Dr. Eugene Gu, who sued President Donald Trump for blocking him on Twitter, had his five-year residency at Vanderbilt University cut short after three years.
According to The Tennessean, the university decided not to renew Gu’s residency in a move he equates to being fired.
“If you don’t complete all five years of your general surgery residency, you don’t get credit for partial completion or anything like that. It’s just like not doing residency at all,” Gu explained to The Hill.
While the university told The Tennessean that the decision had nothing to do with Trump and everything to do with his work performance and professionalism, Gu isn’t convinced.
Gu said the “take-home message” is that there’s an “unwritten rule,” which is that residents are supposed to make the program and hospital look good even if that means staying silent.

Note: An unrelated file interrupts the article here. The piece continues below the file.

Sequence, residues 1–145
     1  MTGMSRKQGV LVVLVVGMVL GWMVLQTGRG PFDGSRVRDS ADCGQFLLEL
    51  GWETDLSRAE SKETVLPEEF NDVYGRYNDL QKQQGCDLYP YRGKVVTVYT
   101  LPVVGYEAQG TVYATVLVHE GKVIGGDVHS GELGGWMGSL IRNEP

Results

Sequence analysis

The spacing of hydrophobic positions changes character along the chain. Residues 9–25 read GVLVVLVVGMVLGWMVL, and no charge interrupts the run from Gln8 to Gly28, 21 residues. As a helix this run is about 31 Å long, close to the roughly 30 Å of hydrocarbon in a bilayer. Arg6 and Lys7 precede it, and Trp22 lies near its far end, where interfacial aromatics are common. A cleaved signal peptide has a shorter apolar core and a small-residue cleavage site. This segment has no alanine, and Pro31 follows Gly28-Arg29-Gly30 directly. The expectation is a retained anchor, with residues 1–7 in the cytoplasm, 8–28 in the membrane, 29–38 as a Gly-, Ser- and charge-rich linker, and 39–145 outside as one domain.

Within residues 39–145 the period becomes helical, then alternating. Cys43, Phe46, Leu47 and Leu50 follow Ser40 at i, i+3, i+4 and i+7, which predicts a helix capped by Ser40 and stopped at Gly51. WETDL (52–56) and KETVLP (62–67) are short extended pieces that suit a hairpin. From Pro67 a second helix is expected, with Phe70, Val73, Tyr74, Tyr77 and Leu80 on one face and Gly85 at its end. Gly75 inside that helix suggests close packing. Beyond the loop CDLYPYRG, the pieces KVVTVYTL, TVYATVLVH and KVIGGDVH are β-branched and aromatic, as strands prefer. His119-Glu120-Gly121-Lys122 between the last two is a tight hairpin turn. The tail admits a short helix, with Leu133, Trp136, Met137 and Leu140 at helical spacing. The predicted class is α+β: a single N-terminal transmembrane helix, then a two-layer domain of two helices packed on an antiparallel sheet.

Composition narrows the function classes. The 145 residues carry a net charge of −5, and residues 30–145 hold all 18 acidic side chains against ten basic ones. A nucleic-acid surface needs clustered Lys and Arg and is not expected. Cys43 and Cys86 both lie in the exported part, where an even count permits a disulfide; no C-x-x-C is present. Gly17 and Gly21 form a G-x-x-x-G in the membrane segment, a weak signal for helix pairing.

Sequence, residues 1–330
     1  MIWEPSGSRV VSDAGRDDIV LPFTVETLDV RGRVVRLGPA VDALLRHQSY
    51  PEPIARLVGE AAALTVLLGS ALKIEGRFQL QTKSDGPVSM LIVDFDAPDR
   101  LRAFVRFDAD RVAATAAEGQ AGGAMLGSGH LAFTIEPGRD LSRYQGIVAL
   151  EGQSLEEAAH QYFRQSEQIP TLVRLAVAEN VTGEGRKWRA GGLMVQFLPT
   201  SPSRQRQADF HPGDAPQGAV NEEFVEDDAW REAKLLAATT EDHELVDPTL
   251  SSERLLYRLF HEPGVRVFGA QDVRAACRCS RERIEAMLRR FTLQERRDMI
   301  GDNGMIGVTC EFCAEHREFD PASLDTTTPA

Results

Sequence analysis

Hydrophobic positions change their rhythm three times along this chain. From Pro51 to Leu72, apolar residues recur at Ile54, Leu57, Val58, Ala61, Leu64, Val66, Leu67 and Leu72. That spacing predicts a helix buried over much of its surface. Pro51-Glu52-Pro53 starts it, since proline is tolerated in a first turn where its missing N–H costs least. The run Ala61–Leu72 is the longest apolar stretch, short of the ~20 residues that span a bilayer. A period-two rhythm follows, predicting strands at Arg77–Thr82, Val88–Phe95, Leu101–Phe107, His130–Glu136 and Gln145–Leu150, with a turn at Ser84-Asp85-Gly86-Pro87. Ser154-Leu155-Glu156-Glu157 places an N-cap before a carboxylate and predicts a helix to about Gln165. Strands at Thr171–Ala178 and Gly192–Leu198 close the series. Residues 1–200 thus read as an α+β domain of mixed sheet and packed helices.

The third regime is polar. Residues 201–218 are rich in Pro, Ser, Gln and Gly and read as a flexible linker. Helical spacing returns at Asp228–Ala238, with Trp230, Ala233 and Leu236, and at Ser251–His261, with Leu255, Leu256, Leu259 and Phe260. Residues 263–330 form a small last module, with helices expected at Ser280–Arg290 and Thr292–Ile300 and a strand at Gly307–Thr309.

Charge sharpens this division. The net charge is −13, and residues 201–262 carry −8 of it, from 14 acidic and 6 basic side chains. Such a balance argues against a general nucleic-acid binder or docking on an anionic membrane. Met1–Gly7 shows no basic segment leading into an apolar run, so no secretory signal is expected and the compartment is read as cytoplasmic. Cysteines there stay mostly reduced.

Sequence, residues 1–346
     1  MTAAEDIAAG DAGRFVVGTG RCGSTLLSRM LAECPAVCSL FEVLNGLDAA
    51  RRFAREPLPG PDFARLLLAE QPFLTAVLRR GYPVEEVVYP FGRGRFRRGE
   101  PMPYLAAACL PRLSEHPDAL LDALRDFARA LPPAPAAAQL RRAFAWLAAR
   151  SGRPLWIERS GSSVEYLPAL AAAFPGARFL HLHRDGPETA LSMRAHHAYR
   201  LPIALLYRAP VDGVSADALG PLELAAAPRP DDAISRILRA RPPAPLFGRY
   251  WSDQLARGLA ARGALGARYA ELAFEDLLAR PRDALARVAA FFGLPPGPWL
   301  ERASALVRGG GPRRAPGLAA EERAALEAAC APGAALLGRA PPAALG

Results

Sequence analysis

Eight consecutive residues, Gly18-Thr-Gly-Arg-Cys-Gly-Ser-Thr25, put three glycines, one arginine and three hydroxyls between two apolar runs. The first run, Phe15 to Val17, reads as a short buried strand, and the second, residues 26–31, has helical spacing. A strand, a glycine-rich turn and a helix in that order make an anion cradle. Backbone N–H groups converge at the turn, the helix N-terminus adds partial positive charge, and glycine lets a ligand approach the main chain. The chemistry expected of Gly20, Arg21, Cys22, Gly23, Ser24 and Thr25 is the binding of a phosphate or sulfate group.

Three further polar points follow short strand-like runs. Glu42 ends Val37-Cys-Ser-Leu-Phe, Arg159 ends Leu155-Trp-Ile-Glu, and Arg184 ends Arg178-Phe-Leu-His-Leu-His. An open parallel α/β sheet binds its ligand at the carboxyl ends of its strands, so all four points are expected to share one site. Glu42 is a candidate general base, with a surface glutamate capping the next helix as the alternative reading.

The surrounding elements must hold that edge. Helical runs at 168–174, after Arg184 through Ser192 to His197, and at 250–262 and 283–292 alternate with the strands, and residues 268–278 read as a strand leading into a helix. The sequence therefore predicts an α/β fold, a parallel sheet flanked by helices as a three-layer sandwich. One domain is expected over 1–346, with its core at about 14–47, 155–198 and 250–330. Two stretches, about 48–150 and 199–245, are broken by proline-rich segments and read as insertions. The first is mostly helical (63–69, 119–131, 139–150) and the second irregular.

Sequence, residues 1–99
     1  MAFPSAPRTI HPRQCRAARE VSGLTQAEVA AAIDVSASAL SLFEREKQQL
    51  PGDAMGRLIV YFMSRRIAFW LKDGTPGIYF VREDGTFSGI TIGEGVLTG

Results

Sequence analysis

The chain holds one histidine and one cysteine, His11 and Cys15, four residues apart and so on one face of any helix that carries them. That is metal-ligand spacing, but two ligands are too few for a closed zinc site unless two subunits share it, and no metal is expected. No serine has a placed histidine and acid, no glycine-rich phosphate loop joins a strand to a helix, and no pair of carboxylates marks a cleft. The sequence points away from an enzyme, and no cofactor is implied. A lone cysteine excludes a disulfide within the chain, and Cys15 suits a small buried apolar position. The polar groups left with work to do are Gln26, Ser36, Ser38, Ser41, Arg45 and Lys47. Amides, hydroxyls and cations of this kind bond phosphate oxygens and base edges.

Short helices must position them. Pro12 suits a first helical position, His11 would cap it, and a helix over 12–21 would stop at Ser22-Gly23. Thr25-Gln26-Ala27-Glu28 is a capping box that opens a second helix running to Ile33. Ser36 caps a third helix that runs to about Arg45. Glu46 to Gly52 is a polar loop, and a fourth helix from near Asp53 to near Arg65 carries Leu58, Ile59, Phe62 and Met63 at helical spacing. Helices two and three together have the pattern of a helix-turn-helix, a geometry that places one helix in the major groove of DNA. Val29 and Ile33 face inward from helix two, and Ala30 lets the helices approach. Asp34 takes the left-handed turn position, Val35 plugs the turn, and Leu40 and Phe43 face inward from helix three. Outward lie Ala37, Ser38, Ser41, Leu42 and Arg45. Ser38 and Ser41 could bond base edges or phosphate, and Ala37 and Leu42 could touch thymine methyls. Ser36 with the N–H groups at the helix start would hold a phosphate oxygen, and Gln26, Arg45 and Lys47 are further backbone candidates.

“But as an Asian-American physician, unlike a white doctor, I don’t always have the same luxury to stay silent,” he said.
After repeatedly criticizing Trump on social media, the president blocked Gu. But along with six others, he sued Trump and won.
“When we first filed a lawsuit to defend our First Amendment rights, a big segment of the general public was almost mocking us, saying it was frivolous, and the stupidest lawsuit in the world,” Gu told The Tennessean.
In September 2017, Gu posted a photo on Twitter of him taking a knee “to fight white supremacy.”
— Eugene Gu, MD (@eugenegu) September 24, 2017
He later tweeted about taking a knee and called it “absolutely unconscionable for Vanderbilt to fire me for peacefully protesting against racism.”
John Howser, a spokesperson for the hospital, refuted Gu’s claims and said it’s “simply untrue” that his political or social views affected his employment.